Good sunglasses are important for fishing. Last year I purchased a pair of Cocoons Photochromic sunglasses to fit over my prescription sunglasses. I bought these glasses with amber lenses to replace an older pair of amber lens Cocoons that were scratched up after years of use. http://www.cocoonsusa.com/photochromic/ The Photochromic Cocoons with the amber lenses seem to work better in low light than the older pair that were polarized without the lenses. These are the glasses that I wear for most of my fishing. I prefer a pair of grey lens Cocoons for driving or fishing in bright, sunny weather. The downside to Cocoons is that they are not the greatest looking glasses. At this point in my life, I would rather look like the geek that I am and spend money on more fly rods than buy expensive but better looking polarized, graduated bifocal prescription sunglasses.
  14. rotary vice recommendations

    I have had a Peak vise for quite a while. I like it but with the standard jaws it does slip with hooks larger than size 2 and it is not the best vise for tying deer hair bass bugs. I have used it to tie trout flies as small as size 16 I have not not bothered to replace the Peak Vise or get the jaws made for larger hooks because I don't tie that many flies larger than size 2.
  15. Would you call this a fly?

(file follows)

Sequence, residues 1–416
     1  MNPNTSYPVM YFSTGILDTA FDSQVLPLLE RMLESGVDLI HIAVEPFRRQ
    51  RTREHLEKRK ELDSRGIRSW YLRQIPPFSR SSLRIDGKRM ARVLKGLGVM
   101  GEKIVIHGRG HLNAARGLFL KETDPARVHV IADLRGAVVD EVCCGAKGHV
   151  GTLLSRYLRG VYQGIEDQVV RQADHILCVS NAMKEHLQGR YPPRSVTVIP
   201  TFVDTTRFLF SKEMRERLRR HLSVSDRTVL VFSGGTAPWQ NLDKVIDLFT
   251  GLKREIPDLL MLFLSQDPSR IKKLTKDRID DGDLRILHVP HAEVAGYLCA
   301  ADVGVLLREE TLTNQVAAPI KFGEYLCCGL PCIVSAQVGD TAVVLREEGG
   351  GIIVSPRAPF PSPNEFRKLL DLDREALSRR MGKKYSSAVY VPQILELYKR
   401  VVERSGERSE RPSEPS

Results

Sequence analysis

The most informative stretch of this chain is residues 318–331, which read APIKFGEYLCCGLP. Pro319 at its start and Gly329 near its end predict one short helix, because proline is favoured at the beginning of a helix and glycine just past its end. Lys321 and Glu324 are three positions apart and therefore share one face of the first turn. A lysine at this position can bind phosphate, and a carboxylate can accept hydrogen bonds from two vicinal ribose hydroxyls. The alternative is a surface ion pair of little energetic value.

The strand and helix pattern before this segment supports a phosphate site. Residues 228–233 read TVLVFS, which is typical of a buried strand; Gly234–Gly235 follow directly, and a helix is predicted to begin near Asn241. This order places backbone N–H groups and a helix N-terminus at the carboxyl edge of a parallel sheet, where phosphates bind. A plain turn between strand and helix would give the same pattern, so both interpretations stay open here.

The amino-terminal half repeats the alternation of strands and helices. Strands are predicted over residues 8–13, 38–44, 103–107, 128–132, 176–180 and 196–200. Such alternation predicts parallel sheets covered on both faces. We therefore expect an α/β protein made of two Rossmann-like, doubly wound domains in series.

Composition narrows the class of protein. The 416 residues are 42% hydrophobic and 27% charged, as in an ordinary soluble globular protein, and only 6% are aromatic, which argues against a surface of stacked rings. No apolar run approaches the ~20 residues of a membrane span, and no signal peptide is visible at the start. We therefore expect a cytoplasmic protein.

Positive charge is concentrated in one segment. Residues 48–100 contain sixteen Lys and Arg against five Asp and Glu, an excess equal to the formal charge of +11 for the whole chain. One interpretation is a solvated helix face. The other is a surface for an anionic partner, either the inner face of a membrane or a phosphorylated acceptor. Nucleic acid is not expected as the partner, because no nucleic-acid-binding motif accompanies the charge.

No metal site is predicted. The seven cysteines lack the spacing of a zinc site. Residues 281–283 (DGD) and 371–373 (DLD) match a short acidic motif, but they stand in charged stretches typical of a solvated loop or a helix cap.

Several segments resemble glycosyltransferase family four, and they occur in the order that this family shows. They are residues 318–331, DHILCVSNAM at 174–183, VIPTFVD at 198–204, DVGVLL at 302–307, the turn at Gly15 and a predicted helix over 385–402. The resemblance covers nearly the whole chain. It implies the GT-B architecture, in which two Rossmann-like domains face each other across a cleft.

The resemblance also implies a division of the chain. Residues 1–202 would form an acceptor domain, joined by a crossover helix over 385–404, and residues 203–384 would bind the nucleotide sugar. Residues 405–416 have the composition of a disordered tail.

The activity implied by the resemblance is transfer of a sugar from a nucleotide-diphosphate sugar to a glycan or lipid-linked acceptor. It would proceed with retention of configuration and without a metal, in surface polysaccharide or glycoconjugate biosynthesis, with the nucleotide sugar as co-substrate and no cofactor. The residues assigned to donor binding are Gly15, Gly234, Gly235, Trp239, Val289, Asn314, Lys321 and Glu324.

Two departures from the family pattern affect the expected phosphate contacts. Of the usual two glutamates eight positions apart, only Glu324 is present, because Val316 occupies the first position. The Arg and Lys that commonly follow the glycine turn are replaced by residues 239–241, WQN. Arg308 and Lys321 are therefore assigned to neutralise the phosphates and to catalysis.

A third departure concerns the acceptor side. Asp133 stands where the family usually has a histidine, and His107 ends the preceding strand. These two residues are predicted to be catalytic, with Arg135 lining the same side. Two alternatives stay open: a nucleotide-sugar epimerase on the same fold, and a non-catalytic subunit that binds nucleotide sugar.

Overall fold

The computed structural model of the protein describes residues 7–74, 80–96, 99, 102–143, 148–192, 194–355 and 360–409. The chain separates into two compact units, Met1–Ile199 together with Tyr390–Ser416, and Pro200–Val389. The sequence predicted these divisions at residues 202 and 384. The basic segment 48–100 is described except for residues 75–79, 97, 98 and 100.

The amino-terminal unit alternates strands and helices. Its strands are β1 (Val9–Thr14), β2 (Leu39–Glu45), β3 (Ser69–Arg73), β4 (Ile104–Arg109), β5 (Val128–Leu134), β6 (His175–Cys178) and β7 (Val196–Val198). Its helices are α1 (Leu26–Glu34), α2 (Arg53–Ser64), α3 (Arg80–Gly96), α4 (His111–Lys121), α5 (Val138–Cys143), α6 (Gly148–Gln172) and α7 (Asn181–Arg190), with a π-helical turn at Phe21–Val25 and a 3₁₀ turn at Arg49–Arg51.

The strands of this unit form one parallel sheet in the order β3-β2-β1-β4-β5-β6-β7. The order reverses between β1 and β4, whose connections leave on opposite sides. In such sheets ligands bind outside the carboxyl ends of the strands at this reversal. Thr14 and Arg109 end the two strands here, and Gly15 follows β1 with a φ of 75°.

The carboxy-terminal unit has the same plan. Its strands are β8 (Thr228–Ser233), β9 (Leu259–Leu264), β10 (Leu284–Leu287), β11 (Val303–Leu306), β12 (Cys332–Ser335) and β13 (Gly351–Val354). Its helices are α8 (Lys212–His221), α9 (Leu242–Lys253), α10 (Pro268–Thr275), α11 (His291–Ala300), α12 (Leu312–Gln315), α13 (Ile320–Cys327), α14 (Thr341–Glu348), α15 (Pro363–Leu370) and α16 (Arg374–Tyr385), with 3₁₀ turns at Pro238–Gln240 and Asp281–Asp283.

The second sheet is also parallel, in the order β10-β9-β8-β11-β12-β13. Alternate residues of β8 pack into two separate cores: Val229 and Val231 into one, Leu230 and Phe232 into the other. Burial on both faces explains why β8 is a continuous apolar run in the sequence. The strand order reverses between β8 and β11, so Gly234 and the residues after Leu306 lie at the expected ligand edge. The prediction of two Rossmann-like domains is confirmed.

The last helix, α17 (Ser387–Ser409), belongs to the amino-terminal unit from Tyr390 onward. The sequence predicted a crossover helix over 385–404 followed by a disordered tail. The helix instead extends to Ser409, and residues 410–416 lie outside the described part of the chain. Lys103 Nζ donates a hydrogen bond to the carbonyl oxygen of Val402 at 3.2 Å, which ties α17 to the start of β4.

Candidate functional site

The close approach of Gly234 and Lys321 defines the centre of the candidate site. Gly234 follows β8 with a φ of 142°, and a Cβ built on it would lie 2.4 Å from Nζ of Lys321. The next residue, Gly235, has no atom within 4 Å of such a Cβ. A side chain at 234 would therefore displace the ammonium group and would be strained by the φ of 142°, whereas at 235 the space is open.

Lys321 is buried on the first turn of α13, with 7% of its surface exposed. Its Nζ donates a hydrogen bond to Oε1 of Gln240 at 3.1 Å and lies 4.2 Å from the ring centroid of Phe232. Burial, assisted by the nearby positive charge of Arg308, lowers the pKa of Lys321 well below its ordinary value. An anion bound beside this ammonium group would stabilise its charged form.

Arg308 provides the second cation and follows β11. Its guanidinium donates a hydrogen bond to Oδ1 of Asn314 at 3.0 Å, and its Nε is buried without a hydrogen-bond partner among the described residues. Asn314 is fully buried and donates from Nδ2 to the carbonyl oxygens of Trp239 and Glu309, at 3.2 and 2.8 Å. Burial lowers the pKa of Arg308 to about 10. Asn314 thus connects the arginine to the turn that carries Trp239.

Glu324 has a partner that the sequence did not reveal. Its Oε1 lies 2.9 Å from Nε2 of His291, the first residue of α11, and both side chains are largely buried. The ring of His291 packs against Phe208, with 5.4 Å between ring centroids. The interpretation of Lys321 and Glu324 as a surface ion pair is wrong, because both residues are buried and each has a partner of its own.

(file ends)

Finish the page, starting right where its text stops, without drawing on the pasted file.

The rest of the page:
I would call it a lure. It looks like a beetle spin and it would be more to fun to fish that particular beetle spin on a light spinning rod than with a fly rod. Casting that thing on a fly rod would put some serious line twist in your leader. It could also do some damage to your fly rod tip. Using a double haul with that lure on a fly rod ought to generate enough line speed to make some very interesting noises. I saw a TV show a few years ago where Larry Dahlberg was fishing a lake in Canada for ice out pike. There were three people fishing in a small aluminum boat. All three anglers were using big bunny leech flies tied on 3/0 hooks and they were using light spinning rods to catch bunches of large pike. It was a windy day, too. You certainly couldn't have three people fishing with fly rods using those big, heavy bunny leeches in a small boat in the wind. It looked like fun to me despite that fact they they were using spinning rods to fish flies.